The Downstream Geomorphic Effects of Dams: A Comprehensive and Comparative Approach
- Author(s): Minear, Justin Toby
- Advisor(s): Kondolf, G. Mathias
- et al.
Large dams commonly alter the natural regimes of hydrologic and sediment processes that are critical for the maintenance of native instream and riparian communities, often affecting landscapes hundreds of kilometers from the dam. California has over 1,400 large dams, some of which have been in place for over 100 years. As a consequence, the legacy of large dam construction has greatly altered California's natural hydrologic and sediment processes.
Previous attempts to estimate the effects of multiple large dams on sediment processes have ignored two key factors for large spatial and temporal modeling: sediment trapping due to multiple dams in the same watershed and decreasing sediment trapping as reservoirs fill. Here, I develop a spreadsheet-based model that incorporates both factors. Using California as a case study, measured sedimentation rates first were used to estimate sediment yields for distinct geomorphic regions and the rates then were applied to unmeasured reservoirs by region. The results of the model show that statewide reservoirs have likely filled with 2.1 billion m3 of sediment to date, decreasing total reservoir capacity by 4.5%. In addition, approximately 200 reservoirs have likely lost more than half their initial capacity to sedimentation.
Fourteen of the fifteen major tributaries to the Sacramento-San Joaquin river system in California are dammed by "foothill" dams, very large dams situated at the base of the mountain fronts. Constructed primarily in the 1940s-1970s, the foothill dams include some of the largest dams in the United States. In addition to blocking access to migrating endangered salmonids, the dams have further altered downstream hydrologic and sediment processes by changing flow-duration and frequencies and releasing sediment-free flows. There has been no comprehensive effort to evaluate the long-term changes in magnitude and frequency of sediment transport downstream of these dams, despite hundreds of millions of dollars spent on restoration efforts. In this study, I evaluate the different effects of the foothill dams on downstream rivers using hydrologic analyses of pre- and post-dam flows, calculations of bedload transport from an extensive literature search and field data, and field observations using gravel tracer and monitored cross sections from water year 2006 (WY2006) to test the results of the bedload transport calculations. From the results of the hydrologic analysis, the average reduction in the 2-year return interval flow for the dams is 65%, however, there is a wide range in the results, with some post-dam flows remaining equal to pre-dam magnitudes, particularly at larger return intervals. Using topographic data and tracer gravel collected during water year 2006, extensive gravel movement was observed downstream of the dams, indicating that even after 50+ years of operation, the riverbeds below the dams are continuing to transport sediment and still are responding to the cessation in supply. From the calculation of bedload transport for each of the major tributaries, post-dam annual bedload transport has fallen by an average of 45%, with total bedload of particles greater than 8mm decreasing by 42%. Some rivers, while having reductions in flood flows, had increases in bedload transport downstream of the dam, primarily due to increases in medium-magnitude medium-frequency events. Bedload is still transported at high rates for most sites, with eleven of the fourteen rivers transporting more than 100,000 m3 / yr in the post-dam period. Effective discharge in these channels is difficult to determine due to confounding factors, however, the majority of the rivers have a high-percentage of total bedload transported at discharges larger than the 5-year return interval suggesting that higher discharge events tend to dominate the channel response.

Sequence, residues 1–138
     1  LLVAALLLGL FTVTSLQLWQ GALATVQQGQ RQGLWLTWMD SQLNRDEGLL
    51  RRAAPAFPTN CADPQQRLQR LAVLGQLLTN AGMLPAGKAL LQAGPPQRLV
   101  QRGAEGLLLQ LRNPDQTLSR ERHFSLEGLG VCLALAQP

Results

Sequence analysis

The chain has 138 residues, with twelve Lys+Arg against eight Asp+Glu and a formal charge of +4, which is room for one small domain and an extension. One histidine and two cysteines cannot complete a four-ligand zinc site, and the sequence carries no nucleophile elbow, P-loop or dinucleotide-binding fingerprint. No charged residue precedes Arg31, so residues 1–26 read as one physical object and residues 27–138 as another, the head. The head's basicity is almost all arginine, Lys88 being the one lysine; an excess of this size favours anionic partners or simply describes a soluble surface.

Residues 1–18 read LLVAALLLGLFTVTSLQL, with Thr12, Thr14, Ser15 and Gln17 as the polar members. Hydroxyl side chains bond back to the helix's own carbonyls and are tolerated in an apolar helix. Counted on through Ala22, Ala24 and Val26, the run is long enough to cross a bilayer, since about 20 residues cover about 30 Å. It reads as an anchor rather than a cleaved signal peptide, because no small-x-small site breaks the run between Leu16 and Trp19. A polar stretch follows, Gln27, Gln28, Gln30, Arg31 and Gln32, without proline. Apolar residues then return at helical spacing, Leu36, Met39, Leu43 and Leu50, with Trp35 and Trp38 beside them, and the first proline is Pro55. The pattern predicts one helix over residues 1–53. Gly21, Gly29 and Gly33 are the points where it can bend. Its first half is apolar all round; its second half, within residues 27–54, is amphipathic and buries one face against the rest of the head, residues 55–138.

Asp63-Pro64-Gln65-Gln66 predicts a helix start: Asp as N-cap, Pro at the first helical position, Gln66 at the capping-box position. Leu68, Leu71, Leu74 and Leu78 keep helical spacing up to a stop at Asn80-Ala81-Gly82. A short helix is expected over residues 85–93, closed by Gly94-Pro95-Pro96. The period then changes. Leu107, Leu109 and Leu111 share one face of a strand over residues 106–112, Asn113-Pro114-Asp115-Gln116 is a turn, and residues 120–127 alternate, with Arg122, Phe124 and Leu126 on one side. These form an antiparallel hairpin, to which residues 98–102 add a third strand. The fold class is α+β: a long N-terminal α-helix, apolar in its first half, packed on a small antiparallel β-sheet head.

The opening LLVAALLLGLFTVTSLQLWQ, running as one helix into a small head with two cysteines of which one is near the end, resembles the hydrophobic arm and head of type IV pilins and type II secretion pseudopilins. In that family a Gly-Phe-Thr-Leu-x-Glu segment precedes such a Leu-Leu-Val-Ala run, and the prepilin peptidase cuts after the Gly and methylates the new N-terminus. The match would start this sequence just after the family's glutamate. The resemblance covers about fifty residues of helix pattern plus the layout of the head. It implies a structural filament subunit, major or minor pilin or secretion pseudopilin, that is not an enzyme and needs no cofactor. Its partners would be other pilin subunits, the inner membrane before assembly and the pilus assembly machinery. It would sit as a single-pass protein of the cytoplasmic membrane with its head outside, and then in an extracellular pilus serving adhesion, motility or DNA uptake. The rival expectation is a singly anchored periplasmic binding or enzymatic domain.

A sediment budget was constructed for both coarse and total sediment for each of the fourteen major tributaries to the Sacramento-San Joaquin river system downstream of the major "foothill" dams. The methods used to construct the sediment budget include a reservoir sedimentation model, bedload transport equations, and suspended and bedload measurements from gaging stations. The results of the sediment budget indicate a volume of approximately 244 million m3 of sediment is trapped behind dams in the upper watersheds, and 4.0 million m3 is trapped by the dams each year. With the exception of the mainstem Sacramento River, very little bedload material is supplied by smaller tributaries to the gravel-bed reaches downstream of the foothill dams. Ten of the fourteen rivers do not have enough supply from small tributaries to meet the calculated average annual bedload transport. Several of the rivers (Putah Creek, the Mokelumne River, and the San Joaquin River) may be strongly affected by small tributaries downstream of the dams because they have relatively large watersheds downstream of the dams and highly reduced post-dam transport ability. Approximately 267,000 m3 of gravel has been artificially augmented into Sacramento-San Joaquin tributaries downstream of the foothill dams through 2004. While gravel augmentation projects have been extensive on six of the rivers, they are minimal or absent on the other eight rivers. Overall, gravel is augmented at only 3.7% of the post-dam bedload transport capacity, however, some rivers with highly reduced flows have had gravel augmented at rates that approach the post-dam gravel transport rate, primarily due to the large post-dam reduction in bedload transport.